According to the California Fig Advisory Board, "While the original figs came from the sunny spots around the Mediterranean, today’s best figs come from California’s sunny spot -- the great San Joaquin Valley." Well, I would beg to differ. The best figs in the world grow (if you are lucky enough) in your own backyard. I was in my twenties when I first tasted an authentic fresh-from-the-tree-melting-sweet-fig and it was the first time I ever saw the point of eating one. Warm, sweet, not at all muzzy and bland, it was heavenly. Prior to that I had experienced the dried fig (nyeh) and once or twice sampled mediocre store-bought ones (under-ripe or so ripe that they seemed to rot on the way home from the store). Once you have tasted the Real Thing (no, not Coke), however, you make more of an effort to find good produce in the store. Last week I found some really good figs in the store.
However good your store-bought figs are, though, they can always use a little help to reach their heavenly potential. When contemplating my new figs, I remembered a recipe from Real Good Food (by my friend and mentor though he knows it not, Nigel Slater): Baked figs in honey. Coincidentally, Mr. Slater wrote about baked figs in this week's Observer. However, I think I went one better on the Real Food Recipe and the Baked Figs in Wine that he suggested on Sunday....I used his recipes as a starting point and used my own proportions and an extra ingredient!
Baked Figs and Blueberries with Greek Yogurt
6-8 figs cut in half
2 Tbs honey
1 Tbs lemon juice
3-4 small sprigs of fresh thyme
a large handful of fresh blueberries
Now Nigel didn't mention whether you were supposed to cut the figs in any of his recipes. I decided they would look prettier and give up more juice when cut, and sliced them in half. Mix the honey and lemon juice in a small bowl and then drizzle over the cut figs. Sprinkle the thyme leaves over the figs and bake in a hot oven (200C/375F) for 15-20 minutes. Five minutes before you are ready to serve, throw the handful of blueberries in the roasting pan with the figs. Serve with cold creamy Greek yogurt drizzled over the fruit and be sure to use a spatula to get every last drop of purple syrup out of the roasting tin!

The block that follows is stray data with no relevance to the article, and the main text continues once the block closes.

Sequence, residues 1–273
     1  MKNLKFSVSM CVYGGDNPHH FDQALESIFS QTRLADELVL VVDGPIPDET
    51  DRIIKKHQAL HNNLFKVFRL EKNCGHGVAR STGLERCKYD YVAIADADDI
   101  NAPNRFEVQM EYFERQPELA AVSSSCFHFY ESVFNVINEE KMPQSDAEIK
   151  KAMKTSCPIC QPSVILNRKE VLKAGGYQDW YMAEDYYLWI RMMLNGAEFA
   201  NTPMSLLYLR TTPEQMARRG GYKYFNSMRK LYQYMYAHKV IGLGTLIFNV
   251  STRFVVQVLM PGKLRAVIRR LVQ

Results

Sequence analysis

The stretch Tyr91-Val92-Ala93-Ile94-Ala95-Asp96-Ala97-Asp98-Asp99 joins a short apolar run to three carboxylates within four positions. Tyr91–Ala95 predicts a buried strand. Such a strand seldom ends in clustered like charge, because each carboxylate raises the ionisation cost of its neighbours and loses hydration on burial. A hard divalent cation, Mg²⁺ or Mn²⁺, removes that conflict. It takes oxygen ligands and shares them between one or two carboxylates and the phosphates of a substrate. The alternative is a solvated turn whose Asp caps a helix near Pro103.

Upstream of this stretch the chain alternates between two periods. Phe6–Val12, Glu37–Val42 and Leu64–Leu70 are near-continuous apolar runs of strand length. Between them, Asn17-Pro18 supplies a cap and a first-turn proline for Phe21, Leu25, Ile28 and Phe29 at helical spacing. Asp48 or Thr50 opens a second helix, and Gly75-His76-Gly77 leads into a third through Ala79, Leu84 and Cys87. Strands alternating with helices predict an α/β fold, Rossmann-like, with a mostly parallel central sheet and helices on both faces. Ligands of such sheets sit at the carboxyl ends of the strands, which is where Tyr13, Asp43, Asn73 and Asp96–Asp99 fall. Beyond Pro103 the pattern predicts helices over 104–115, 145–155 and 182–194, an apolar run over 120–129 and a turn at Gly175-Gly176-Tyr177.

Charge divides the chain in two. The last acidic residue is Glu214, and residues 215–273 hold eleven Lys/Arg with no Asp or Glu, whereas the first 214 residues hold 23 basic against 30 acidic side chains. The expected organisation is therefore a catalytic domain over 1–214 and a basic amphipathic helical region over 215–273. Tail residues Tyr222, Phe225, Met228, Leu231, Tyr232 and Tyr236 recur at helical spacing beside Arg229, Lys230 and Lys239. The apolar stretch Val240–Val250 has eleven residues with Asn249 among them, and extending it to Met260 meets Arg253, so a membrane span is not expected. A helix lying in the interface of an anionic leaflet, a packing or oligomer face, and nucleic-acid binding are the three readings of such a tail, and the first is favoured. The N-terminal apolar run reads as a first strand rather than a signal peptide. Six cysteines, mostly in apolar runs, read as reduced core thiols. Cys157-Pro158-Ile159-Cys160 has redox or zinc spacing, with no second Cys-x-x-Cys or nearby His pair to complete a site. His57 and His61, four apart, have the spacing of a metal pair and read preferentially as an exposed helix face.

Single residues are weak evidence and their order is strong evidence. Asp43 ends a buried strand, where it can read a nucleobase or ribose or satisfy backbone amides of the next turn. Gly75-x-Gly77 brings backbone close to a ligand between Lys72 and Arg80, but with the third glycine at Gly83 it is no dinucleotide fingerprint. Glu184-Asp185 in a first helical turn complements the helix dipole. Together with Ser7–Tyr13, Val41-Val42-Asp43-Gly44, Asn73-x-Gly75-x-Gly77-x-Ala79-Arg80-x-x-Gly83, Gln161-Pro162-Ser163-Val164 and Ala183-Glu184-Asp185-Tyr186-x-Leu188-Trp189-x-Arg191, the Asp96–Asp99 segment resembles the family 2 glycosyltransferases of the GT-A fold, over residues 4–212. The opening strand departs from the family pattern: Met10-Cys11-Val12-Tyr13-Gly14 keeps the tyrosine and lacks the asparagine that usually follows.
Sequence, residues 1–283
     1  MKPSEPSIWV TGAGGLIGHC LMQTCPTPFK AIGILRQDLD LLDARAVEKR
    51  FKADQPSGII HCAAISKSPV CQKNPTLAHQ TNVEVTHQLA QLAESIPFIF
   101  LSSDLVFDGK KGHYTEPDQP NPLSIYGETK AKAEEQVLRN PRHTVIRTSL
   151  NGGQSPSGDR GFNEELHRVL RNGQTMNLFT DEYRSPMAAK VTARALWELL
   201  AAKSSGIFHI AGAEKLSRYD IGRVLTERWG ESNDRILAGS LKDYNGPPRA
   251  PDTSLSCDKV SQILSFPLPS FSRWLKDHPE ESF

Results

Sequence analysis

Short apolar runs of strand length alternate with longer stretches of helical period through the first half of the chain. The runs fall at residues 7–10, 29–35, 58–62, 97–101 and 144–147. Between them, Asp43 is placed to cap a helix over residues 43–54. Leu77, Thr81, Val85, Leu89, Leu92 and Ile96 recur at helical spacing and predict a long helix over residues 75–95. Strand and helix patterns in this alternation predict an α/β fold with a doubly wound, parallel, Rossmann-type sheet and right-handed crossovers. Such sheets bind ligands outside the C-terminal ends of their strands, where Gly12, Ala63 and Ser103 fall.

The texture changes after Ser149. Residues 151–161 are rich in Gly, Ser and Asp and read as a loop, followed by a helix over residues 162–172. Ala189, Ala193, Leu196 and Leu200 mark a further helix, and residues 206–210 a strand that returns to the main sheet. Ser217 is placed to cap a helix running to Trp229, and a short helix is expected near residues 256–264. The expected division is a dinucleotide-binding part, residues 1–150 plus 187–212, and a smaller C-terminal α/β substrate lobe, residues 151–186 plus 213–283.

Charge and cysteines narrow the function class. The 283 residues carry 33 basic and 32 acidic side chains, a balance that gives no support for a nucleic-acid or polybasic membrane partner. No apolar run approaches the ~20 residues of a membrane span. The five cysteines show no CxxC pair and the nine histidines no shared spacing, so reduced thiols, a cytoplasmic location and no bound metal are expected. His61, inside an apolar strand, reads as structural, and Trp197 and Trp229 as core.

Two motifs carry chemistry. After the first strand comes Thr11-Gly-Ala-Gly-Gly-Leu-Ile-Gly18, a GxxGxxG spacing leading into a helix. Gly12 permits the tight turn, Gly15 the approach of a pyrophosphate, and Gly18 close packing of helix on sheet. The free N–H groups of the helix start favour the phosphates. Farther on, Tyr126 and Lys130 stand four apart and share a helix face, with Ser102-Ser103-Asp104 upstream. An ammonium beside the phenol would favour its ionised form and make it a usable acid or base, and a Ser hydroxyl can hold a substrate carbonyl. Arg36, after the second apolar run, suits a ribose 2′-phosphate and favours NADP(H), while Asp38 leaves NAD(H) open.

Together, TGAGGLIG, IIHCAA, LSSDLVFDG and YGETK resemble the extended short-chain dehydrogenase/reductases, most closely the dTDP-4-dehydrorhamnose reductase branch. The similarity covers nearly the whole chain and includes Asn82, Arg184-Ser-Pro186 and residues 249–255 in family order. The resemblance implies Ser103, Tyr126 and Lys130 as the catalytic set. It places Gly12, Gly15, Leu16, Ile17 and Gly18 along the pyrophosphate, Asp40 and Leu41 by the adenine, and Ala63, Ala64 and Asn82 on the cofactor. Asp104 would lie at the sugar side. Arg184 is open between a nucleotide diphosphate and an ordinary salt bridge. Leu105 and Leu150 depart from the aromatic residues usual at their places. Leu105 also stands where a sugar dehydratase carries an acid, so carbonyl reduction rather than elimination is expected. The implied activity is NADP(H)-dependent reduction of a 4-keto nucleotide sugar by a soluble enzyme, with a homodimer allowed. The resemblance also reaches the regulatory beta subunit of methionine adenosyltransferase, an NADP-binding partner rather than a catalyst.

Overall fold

Not only is this dessert a delicious end-of-the-summer treat (think warm fruit like a summer day, mixing with cold yogurt like an autumn evening) but it's pretty healthy too. Blueberries are in the news a lot lately for their amazing health-promoting 'antioxidant' nutrients and according to Dr. John Briffa of the Observer they will even improve your eyesight! Figs, of course, are a good source of fiber and have no cholesterol, salt or fat. And plain yogurt, while it may have some fat, is pretty good for your digestion and a source of calcium. Lastly, it's a very quick, elegant dessert: five minutes preparation and 20 minutes in the oven while you finish your dinner (or clear the table). So enjoy your figs and blueberries while you can...their season is short!
And if you are like the Critic and STILL don't see the point of figs even after your loving wife prepares you this heavenly dessert, see GodHatesFigs.com. Well, fig leaves were used for the world's first set of underwear after all....
When writing this yesterday, I forget to include the photo of our other family member who was extremely happy with this dessert as it meant a Greek yogurt container for her to lick clean!